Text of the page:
Operators said that they may or may not discuss the estimate with regional staff. Staff confirmed this was so. Typically, staffs do not challenge the estimate and it does not figure in the decision to approve the application. By exception, one region derived the estimate for the client in order to complete the performance measurement sheet to be submitted with the application for review.

A comparison of the contribution agreements and proposals collected for the case studies to the figures recorded in the database for these projects revealed errors in the database. The source of most errors appears to be the approach taken to calculate the total savings field. Total savings was calculated by multiplying the "increase in years of asset life" field by the "annual operating cost reduction" field. However, it was clear from the contribution agreement and/or application documents and also from discussions with operators that operating cost savings were expected to be enjoyed in the early years following purchase or construction. As the replacement or rehabilitated asset aged, it was itself expected to require more and more expensive repairs. So, when the annual savings that operators had forecast would be enjoyed for five years after project completion were multiplied by the 20 year life extension, operating savings were inflated.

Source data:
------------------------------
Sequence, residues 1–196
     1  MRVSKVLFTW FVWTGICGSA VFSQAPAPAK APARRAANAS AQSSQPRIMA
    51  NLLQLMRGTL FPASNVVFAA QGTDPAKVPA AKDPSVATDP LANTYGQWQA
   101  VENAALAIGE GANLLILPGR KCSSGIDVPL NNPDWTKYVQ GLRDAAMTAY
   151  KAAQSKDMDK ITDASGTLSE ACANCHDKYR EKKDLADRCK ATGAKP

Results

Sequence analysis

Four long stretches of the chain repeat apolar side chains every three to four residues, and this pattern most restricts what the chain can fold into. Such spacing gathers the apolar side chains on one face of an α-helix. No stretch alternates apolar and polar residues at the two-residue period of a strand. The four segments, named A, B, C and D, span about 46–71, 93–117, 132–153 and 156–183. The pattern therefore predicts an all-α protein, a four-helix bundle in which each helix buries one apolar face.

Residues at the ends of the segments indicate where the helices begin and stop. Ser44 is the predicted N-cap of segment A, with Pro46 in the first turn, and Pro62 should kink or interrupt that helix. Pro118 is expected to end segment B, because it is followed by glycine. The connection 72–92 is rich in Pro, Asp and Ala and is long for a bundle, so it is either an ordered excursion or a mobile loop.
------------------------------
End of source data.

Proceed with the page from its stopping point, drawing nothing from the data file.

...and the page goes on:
Given the issues surrounding the data and the fact that operating cost savings are no longer germane to the program's objectives or its performance measurement, the Program might cease requesting this information from applicants.